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Shock. 2003 Feb;19(2):113-6.

Impaired production of interferon-gamma and tumor necrosis factor-alpha but not of interleukin 10 in whole blood of patients with sepsis.

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  • 1Division of Infectious Diseases, Escola Paulista de Medicina, Universidade Federal de São Paulo, Universiolade Federal de São Paulo, CEP 04039-032, São Paulo, SP, Brazil.

Abstract

It has been demonstrated that lipopolysaccharide (LPS)-induced cytokine response in patients with sepsis differ from the normal host, yet this has not been controlled for the presence of underlying disease. We studied the ability of LPS and killed gram-negative bacteria (GNB) to induce tumor necrosis factor (TNF)-alpha and interleukin (IL) 10, and of phytohemagglutinin (PHA) to induce interferon (IFN)-gamma, in whole blood from patients with sepsis (SP, n = 20), patients with matched underlying disease and without sepsis (control patients, n = 20), and healthy volunteers (HV, n = 20). LPS-induced TNF-alpha production was lower in SP (median = 638 pg/mL) compared with control patients (4060 pg/mL; P= 0.003), and control patients production was lower compared with HV (5329 pg/mL; P < 0.001). Pseudomonas aeruginosa-induced TNF-alpha production was lower in SP (1443 pg/mL) than in control patients (7319 pg/mL; P < 0.05), and was not different between control patients and HV (6612 pg/mL; P = 0.6). IFNy production was lower in SP (948 pg/mL) compared with control patients (5516 pg/mL; P < 0.001), and the control patients production was lower compared with HV (11,282 pg/mL; P < 0.001). IL-10 production was not different among the three groups. Down-regulation of TNF-alpha production in patients with sepsis, although not restricted to them, was more pronounced with LPS than with GNB. Although the presence of underlying disease may be involved in the regulatory mechanisms of host response, the use of controls with matched underlying diseases provides strong evidence for the septic condition in the down-regulation of inflammatory response in patients with sepsis.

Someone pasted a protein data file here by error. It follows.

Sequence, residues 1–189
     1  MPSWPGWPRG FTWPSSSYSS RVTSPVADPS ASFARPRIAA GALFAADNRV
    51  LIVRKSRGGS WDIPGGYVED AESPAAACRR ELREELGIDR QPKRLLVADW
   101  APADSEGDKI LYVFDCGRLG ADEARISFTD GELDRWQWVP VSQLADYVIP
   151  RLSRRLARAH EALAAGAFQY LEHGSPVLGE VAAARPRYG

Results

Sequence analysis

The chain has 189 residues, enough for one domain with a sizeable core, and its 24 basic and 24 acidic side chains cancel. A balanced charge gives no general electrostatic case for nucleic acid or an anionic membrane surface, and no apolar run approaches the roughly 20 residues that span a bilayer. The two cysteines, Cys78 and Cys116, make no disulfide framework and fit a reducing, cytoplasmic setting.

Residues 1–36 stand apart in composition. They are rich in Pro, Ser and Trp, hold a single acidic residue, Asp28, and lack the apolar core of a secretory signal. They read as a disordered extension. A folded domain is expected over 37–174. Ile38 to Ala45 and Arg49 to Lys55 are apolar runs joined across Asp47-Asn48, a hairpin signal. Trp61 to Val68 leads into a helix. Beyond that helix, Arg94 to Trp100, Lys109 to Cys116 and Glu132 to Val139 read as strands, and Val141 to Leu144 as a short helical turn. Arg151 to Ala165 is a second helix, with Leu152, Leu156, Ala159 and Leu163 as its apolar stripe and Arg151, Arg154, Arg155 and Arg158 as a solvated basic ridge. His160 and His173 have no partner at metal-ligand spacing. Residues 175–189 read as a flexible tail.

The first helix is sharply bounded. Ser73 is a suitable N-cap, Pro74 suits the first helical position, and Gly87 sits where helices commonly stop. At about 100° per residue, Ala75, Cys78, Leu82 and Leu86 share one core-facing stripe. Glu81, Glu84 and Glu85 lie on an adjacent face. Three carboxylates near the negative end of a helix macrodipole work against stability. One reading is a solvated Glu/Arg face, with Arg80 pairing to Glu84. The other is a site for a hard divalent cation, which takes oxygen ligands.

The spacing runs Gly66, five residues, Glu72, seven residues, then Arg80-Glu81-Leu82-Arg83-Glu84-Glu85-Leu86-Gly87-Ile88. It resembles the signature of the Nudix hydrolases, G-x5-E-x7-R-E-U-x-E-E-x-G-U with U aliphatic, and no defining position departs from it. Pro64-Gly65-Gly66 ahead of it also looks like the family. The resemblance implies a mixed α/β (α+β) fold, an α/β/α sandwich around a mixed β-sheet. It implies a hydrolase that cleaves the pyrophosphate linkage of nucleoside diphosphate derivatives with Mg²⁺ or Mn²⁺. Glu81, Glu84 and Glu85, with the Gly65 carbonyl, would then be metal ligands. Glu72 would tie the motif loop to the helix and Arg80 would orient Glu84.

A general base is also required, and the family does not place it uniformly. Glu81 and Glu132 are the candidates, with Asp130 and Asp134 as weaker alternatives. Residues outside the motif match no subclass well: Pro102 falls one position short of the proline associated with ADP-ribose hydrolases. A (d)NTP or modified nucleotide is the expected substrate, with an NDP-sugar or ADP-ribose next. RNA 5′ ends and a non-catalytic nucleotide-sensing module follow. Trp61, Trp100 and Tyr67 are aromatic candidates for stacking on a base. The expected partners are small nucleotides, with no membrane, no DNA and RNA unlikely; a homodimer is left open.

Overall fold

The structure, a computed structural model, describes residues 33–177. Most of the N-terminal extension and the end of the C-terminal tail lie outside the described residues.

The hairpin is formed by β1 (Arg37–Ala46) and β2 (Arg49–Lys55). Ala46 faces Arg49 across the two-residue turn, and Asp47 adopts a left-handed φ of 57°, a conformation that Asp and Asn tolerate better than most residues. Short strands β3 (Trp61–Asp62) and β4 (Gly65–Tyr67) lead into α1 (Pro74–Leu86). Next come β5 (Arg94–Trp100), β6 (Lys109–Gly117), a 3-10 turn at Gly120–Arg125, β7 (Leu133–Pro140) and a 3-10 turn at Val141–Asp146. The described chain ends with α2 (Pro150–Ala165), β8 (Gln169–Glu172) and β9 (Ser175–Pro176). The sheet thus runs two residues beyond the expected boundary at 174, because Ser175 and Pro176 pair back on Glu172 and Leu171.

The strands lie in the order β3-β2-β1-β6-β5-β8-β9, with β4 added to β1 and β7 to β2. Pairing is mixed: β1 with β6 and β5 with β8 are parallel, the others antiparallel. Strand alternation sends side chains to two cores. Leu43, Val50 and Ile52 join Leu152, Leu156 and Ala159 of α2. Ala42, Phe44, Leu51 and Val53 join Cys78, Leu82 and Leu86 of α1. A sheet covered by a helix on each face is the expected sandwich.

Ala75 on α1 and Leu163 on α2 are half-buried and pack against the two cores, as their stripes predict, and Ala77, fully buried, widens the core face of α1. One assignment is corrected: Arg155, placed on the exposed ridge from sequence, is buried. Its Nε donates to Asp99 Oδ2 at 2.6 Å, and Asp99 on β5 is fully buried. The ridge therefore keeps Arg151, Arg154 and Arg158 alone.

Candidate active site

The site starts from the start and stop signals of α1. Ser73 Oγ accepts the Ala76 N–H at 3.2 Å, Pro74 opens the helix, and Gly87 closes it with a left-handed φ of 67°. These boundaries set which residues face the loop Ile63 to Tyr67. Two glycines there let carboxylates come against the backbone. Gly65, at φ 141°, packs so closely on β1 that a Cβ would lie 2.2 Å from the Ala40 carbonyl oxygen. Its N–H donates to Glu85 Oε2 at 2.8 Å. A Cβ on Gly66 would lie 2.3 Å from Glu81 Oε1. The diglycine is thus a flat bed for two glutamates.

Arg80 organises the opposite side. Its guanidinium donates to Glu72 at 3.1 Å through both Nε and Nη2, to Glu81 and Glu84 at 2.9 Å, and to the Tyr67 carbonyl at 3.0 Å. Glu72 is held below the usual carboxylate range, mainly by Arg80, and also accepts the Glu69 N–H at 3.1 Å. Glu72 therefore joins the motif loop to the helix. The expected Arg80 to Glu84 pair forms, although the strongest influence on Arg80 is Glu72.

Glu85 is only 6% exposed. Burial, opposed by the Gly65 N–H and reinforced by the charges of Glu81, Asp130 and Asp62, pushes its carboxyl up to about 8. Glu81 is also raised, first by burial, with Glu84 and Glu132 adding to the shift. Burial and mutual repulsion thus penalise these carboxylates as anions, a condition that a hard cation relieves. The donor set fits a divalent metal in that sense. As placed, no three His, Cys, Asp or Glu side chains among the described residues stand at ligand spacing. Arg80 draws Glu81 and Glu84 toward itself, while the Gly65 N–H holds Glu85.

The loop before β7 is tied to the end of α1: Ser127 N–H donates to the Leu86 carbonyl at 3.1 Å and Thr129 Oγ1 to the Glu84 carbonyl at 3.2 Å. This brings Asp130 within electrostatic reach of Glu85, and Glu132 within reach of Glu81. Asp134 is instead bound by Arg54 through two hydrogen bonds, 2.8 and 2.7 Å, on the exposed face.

PMID:
12578117
[PubMed - indexed for MEDLINE]
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